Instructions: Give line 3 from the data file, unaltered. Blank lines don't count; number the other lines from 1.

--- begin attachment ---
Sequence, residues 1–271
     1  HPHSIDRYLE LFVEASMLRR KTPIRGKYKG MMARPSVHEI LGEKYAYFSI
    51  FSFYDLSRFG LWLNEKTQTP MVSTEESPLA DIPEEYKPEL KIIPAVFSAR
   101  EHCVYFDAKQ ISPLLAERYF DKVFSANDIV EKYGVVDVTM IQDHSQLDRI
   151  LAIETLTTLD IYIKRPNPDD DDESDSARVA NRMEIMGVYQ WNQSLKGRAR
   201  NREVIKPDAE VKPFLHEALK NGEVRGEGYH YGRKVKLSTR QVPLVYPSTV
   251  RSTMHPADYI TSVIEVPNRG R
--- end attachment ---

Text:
    51  FSFYDLSRFG LWLNEKTQTP MVSTEESPLA DIPEEYKPEL KIIPAVFSAR